• Walking by someone with monkeypox, like in a grocery store  

  • Touching items like doorknobs  


There are number of ways to prevent the spread of monkeypox, including:  
  • Always talking to your sexual partner/s about any recent illness and being aware of new or unexplained sores or rashes on your body or your partner’s body, including on the genitals and anus  

  • Avoiding close contact, including sex, with people with symptoms like sores or rashes  

  • Practicing good hand hygiene Isolation of infected persons until their symptoms, including rash, have gone away completely 

  • Using appropriate personal protective equipment (PPE) (like a mask, gown and gloves) when caring for others with symptoms  

  • Avoiding contact with infected materials contaminated with the virus  

  • Avoiding contact with infected animals 

Monkeypox vs. COVID-19 

Although the sudden emergence of monkeypox can be alarming after over two years of living through the COVID-19 pandemic, monkeypox is not a new virus and does not spread in the same way as COVID-19. The table below shows a comparison of monkeypox and COVID-19.  




How widespread is it?

Typically found in or linked to central and western African countries.  Since May 2022, cases have been identified in many other countries, including the U.S. However, monkeypox is much less common than COVID-19. 

While it's good to stay alert about emerging public health outbreaks, the current risk of getting monkeypox in the general public is very low.   

Hundreds of millions of cases since the start of the pandemic in early 2020, and still spreading widely throughout the world. 

When was it first identified?

Not a new virus – around since 1958.

A novel virus - around since 2019.

How does it spread?

By very close and/or prolonged contact with someone with symptoms, including through: 

  • Close physical/intimate skin-to-skin contact, including sex 

  • Contact with contaminated materials (towels, bedding and clothing) 

  • Respiratory droplets spread by close and prolonged face-to-face interaction 

Monkeypox is much less contagious than COVID-19. 

Through tiny droplets in the air by breathing, talking, sneezing, or coughing. Is extremely infectious. Can spread from others who have the virus, even if they don't have symptoms. 


What are the signs and symptoms?

  • Rash with firm bumps on face, hands, feet, body, or genitals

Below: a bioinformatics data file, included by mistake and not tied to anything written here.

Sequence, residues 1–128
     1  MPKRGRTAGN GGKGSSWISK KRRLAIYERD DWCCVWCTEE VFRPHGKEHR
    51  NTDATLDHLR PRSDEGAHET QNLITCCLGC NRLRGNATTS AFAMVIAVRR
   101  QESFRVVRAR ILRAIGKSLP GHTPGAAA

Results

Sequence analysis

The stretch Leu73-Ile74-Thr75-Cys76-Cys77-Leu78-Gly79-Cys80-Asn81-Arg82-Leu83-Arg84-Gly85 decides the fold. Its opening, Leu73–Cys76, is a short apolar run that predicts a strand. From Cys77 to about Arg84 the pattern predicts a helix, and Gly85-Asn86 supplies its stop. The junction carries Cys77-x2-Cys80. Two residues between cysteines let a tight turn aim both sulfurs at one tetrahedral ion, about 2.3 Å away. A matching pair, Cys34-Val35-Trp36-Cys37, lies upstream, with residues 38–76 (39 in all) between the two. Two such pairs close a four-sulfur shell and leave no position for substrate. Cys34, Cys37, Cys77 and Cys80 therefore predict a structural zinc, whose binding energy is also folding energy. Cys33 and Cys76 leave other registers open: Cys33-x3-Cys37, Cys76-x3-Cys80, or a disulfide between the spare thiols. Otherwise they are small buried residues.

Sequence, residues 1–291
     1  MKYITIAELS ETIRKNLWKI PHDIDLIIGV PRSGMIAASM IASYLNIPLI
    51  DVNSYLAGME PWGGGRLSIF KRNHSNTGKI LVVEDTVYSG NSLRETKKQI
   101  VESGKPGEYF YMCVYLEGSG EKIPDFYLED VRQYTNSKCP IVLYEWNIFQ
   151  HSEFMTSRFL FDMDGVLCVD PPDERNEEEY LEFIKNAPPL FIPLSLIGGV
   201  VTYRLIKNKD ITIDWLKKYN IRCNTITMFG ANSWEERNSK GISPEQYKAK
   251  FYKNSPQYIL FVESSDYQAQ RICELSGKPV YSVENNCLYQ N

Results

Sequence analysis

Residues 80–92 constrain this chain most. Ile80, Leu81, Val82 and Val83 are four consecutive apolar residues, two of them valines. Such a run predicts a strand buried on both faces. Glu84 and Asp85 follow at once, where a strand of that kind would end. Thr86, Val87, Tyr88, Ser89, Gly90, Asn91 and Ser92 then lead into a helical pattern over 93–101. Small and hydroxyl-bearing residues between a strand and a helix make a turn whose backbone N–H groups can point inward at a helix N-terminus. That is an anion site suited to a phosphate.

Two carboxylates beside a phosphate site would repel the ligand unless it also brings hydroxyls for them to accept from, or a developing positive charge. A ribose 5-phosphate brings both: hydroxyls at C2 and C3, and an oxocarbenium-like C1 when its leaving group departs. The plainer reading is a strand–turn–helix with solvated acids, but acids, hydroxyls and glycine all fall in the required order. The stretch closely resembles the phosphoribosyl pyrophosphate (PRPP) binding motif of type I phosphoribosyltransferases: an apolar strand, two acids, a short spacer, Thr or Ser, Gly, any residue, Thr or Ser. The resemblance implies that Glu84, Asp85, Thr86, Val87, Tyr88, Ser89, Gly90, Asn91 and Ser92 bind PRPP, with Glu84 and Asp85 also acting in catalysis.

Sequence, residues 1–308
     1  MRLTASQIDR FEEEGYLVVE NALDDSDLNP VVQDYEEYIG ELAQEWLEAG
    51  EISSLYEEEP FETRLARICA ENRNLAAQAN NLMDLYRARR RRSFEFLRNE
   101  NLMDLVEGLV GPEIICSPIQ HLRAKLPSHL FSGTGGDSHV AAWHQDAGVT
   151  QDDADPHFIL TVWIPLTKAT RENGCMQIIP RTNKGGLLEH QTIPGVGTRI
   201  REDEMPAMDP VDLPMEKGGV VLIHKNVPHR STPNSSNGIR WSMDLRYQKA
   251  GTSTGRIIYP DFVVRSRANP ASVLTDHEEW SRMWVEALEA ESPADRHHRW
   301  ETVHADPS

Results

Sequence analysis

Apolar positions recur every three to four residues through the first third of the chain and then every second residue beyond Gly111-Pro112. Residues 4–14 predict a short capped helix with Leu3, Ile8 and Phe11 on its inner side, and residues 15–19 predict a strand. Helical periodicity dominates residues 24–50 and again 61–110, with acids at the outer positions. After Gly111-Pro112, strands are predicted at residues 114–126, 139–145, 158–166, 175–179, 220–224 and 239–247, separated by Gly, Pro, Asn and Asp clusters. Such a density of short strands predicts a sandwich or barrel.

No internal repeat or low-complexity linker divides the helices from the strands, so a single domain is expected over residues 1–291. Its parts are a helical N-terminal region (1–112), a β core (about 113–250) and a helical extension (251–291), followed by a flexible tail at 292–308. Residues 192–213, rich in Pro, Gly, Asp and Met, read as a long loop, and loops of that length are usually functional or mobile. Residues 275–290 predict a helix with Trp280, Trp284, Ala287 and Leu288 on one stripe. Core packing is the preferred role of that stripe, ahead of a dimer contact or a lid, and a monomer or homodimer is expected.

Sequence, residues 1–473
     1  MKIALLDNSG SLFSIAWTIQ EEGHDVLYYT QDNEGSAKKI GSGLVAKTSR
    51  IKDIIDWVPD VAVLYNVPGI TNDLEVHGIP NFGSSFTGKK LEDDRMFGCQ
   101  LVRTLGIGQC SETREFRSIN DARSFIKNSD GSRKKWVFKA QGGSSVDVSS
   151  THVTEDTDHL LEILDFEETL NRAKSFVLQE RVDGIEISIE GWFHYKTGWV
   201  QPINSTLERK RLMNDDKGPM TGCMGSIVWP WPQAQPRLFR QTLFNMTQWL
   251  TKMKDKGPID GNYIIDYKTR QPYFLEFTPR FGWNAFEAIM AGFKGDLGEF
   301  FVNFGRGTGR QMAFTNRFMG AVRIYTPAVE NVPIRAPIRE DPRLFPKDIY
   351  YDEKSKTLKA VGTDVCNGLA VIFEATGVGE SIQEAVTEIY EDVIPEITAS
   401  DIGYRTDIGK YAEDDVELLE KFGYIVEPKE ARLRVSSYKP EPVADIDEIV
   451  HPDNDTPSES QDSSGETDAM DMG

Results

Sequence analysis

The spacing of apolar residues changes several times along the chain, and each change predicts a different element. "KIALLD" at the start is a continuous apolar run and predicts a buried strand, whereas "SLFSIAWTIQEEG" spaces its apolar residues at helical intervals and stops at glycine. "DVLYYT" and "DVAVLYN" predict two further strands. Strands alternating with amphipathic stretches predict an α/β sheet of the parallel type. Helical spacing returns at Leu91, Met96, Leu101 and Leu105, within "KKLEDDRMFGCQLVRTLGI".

• Fever
  • Swollen lymph nodes
  • Chills
  • Low energy

  • Fever
  • Cough
  • Trouble breathing
  • Stomach issues
  • Headaches
  • Muscle aches
  • Loss of taste and smell
  • Cold symptoms

How is it prevented?

  • Avoid close physical contact with people who have symptoms, including with sores or rashes 

  • Talk to your sexual partner/s about any recent illness and being aware of new or unexplained sores or rashes 

  • Avoid contact with , contaminated materials 

  • Wear PPE (mask, gloves, gown) if you can't avoid close contact with someone who has symptoms 

  • Practice good hand hygiene 

  • Get vaccinated and boosted 

  • Wear a mask in indoor settings and crowded outdoor settings 

  • Meet others outdoors or in well ventilated spaces 


Are there variants?

All viruses change and evolve over time, however, the monkeypox virus mutates slower than coronaviruses.   

There are two known families or “clades” of monkeypox virus. The clade recently identified in Europe, Canada, and in the United States is the West African clade, which tends to cause less severe disease.

There are many variants of SARS-CoV-2 (virus that causes COVID-19).  
This virus mutates rapidly. 

If you have symptoms

  • Always stay home if you're sick 

  • Cover any blisters or skin lesions 

  • Isolate from others, and wear a mask if you have to be around others 

  • Contact a health care provider right away to talk about diagnosis, testing, and treatment options. 

  • Always stay home if you're sick 

  • Get tested. 

  • If you test positive, isolate from others 

  • Contact a health care provider right away to talk about treatment options.